Let’s critically examine the way we worship

Truth in the midst of emotion.

Noticing+the+lyrics+we+casually+sing.

Emma Hester

Noticing the lyrics we casually sing.

Katie Ticas, Guest Writer

There are constantly conflicting messages sung to us about God. For me, it is confusing and frustrating to be at church and chapel and not know or feel confident about the lyrics everyone is singing.

We can listen to so many voices that talk about God, but which is the right one? How do we know we aren’t merely singing together to a catchy tune and acoustic guitar as a little break from our Wednesday morning? Often, that’s what church and chapel feel like to me and others I’ve talked to. 

Over the last few months, I took a step back from some commonly used worship songs and tried to identify what they mean and whether or not they align with Scripture. As Christians, it’s important to give grace to churches and people who enjoy those certain worship songs. 

Practically, this reexamination looks different for everyone. It might involve looking up the meanings and origins for the texts of common worship songs. One blog I find helpful in taking a deeper look is The Berean Test, which analyzes worship songs based on their alignment with Scripture.

This reevaluation might also involve praying during times of worship throughout the song. Asking God to grant us peace when we face conflicting thoughts and feelings is one crucial way to avoid becoming fearful and frustrated.

God has created us to feel a range of emotions. The warm and happy emotions we experience when worshipping together are beautiful and important to cherish, but they aren’t the only takeaway from a worship service. If we make worship an emotion-based experience, we are really just worshipping ourselves. We have to practice declaring the truth about God even when our emotions don’t align with what we proclaim at the moment. 

As humans, we doubt. We harbor bitterness and laziness that can easily cause our feelings about our faith to waver. However, Hebrews 13:8 tells us that “Jesus Christ is the same yesterday and today and forever.”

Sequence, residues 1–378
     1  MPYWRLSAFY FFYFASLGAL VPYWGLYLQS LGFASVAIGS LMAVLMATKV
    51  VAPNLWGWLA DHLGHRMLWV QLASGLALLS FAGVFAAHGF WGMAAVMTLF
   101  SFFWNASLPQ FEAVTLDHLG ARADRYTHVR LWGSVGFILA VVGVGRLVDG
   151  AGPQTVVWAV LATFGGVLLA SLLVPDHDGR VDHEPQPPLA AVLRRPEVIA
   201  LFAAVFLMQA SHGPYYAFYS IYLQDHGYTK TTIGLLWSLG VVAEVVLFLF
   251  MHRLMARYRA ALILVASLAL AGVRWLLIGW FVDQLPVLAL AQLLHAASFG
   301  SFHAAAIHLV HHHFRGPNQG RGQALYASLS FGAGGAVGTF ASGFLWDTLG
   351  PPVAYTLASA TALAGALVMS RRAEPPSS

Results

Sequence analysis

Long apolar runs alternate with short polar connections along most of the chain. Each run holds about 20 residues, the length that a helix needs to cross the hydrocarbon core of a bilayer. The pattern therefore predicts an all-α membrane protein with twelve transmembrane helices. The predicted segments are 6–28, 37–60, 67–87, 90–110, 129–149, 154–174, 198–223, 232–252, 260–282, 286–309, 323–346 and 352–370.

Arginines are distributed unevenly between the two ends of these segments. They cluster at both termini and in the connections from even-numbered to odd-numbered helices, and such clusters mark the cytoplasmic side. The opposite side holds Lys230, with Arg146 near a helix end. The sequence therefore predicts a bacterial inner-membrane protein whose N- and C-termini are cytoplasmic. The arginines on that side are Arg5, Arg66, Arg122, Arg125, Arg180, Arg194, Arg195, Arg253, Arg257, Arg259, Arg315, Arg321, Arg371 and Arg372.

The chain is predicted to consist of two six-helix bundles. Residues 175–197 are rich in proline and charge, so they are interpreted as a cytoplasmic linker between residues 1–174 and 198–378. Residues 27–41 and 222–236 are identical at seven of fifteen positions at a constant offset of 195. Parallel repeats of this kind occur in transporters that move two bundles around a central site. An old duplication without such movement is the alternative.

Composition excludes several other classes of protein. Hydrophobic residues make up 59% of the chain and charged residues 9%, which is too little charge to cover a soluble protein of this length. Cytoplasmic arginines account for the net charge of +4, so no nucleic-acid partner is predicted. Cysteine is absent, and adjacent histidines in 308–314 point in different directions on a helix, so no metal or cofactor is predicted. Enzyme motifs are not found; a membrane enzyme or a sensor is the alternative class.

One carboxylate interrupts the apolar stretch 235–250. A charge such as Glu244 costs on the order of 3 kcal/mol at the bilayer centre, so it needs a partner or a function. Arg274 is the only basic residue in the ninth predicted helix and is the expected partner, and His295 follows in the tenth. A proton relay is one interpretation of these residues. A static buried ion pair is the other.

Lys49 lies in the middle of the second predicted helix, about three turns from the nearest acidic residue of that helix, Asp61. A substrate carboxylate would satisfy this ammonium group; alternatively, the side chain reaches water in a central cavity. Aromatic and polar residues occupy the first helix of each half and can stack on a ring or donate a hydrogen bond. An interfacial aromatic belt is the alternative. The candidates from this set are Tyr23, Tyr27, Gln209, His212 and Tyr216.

We can trust God because He never changes. We have to remember that our emotions can constantly change and we can easily fall into selfish patterns. We can easily think that our feelings are the ultimate truth, which causes us to believe lies about ourselves and others.

Jesus’ sacrifice frees us from being weighed down by the wounds of this world. Jesus not only understands our pain but He has felt it for us in the same human way we experience emotion. We too often forget that we worship a God who feels our pain. 

One of my favorite contemporary Christian songs is “Your Grace is Enough.” In it, the lyrics state, “Great is your faithfulness, Oh God/ You wrestle with the sinner’s restless heart.” 

I love these lines because it speaks to how much we waver. James said that we, as humans, can be “like waves of the sea, blown and tossed by the wind” (1:6) when we doubt God’s power. But Jesus welcomes us to discover the truth: He accepts us despite our tendency to doubt Him and He wants us to be close to Him in worship. 

It’s important to acknowledge that the motivation behind the worship songs are in good character. Many popular Christian songs do not intentionally try to lead people astray and do not maliciously try to convince you to believe a lie about God. We must not start accepting the words of Christian music as our truth, but instead take a step back and turn to Scripture to tell us the truth about God.

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Opinions expressed in letters and other editorials, unless otherwise stated, are those of the writers and not of The Horizon staff or the college collectively.

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